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It has been published that mortgage fraud is on the increase, its unclear if the level of mortgage fraud has increased or if firms and lenders are getting better at identifying it? Either way it’s important that brokers do all they can to avoid getting involved in fraudulent applications. What are the requirements? What should you be doing? How can you identify mortgage fraud?
Mortgage brokers are not subject to the Anti Money Laundering Rules, and Money Laundering Regulations, but they still need to have systems and controls in place to prevent financial crime and they are subject to the proceeds of Crime Act 2002. Having robust systems and controls in place will reduce the likelihood of being exposed to fraudulent applications. Fraudsters tend to prey on firms with weak controls in place, and once they have been successful they are more likely to use the same firm to submit further applications.
What do brokers need to do? It depends on the type of firm, firm size and nature of the risks. A small firm dealing face to face with local customers will not be exposed to as much risk as a larger business dealing remotely with customers. As a business you should be able to evidence that you are doing sufficient to prevent fraudulent applications. You need to correctly identify the customer, have evidence of address and income which can be verified.
If you use an introducer, have you carried out sufficient checks? do you have an agreement in place? do you know how the introducer obtained the customer? Once an introduction has been made all dealings should be between the broker and the customer.
You need to correctly identify your customers, in a remote sale ID can be certified as a true likeness by a solicitor, doctor or other professional. Brokers shouldn’t accept uncertified copies for distance sales.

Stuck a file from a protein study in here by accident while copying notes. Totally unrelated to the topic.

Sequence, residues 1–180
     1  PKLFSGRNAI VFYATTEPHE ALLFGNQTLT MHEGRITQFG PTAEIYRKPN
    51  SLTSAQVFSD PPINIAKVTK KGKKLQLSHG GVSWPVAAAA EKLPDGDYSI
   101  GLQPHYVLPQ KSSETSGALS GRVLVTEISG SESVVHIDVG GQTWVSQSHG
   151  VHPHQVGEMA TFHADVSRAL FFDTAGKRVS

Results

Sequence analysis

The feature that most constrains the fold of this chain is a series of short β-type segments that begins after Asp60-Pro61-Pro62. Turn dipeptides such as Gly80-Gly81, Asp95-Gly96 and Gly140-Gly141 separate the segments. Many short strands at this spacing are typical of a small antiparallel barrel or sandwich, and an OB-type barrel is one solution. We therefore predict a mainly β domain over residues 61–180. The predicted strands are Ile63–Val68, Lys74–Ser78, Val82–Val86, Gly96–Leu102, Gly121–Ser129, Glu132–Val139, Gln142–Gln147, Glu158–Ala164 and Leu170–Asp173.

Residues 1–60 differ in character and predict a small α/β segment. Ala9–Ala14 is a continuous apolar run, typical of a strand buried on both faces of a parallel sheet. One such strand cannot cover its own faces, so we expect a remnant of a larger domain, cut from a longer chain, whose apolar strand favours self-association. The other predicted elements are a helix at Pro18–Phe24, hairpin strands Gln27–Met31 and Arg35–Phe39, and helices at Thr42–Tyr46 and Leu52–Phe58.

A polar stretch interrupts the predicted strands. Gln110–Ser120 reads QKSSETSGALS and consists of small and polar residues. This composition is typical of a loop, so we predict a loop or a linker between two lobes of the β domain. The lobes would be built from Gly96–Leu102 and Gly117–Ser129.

Speak with all applicants involved, to avoid any fraud in which the other partner has no knowledge of the mortgage application, we have seen cases when the partner has applied without the other party knowing and forged signatures.
The internet is a great tool to use to carry out checks. Employers can be checked, if a customer is a business owner they may have a website or directory listings, and you can obtain information on Limited companies such as abbreviated accounts, director and shareholder details. The internet therefore is a useful way to cross check information provided and also find new information.
Firms should also cross check payslip information with bank statement credits, the employer name, pay in amount, pay in type (i.e. BACS) and pay in date should all match. Do the bank statements show any other information such as benefit income which they wouldn’t normally be eligible for. Check for any liabilities the customer hasn’t declared.
When reviewing files it’s not uncommon to see a lack of cross checking between the documents obtained. Finding irregularities between the payslip and bank statement or between the fact find and proofs obtained, should be investigated and notes or additional supporting documents obtained to evidence the checks made.
Lenders carry out checks on business submitted; some checks a broker would not be able to do, such as checking HMRC records and access to online systems such as Hunter. Brokers however can do more to ensure the application meets the lenders expectations and provide additional notes when required to explain any inconsistencies.
Some examples of what you can check for are:
- Making sure all relevant questions are answered in full and correct on the application form.
- If the borrower does not live locally to the property being purchased why is this, are they changing employment, is it commutable and has sufficient budget for transport costs been noted?
- Is the property consistent with the customer’s circumstances, too big/too small?
- Is the income being declared consistent with the occupation stated, if they earn more than would normally be expected from the employment stated why this is?
- Have you provided good evidence of income which is consistent with other information provided on the application?
- Is the property being sold between two members of the same family or between those who have known associations?
- Has the value of the property increased or decreased significantly in a short period of time? If so, is the change in line with the property market conditions in the area?
- Inconsistent address history
- Is it likely that any incentives or discounts will be offered to the borrower to secure the sale? If so, have these been declared?
- Is the deposit being paid by someone other than the purchaser? If so, why?
- Are the same professionals acting on every transaction in the chain e.g. accountant/solicitor etc.
These are just a few of the standard checks that can be made, for more in-depth information on what you can do to prevent being used for fraud please get in touch about the services we offer and the benefits of H3 compliance support.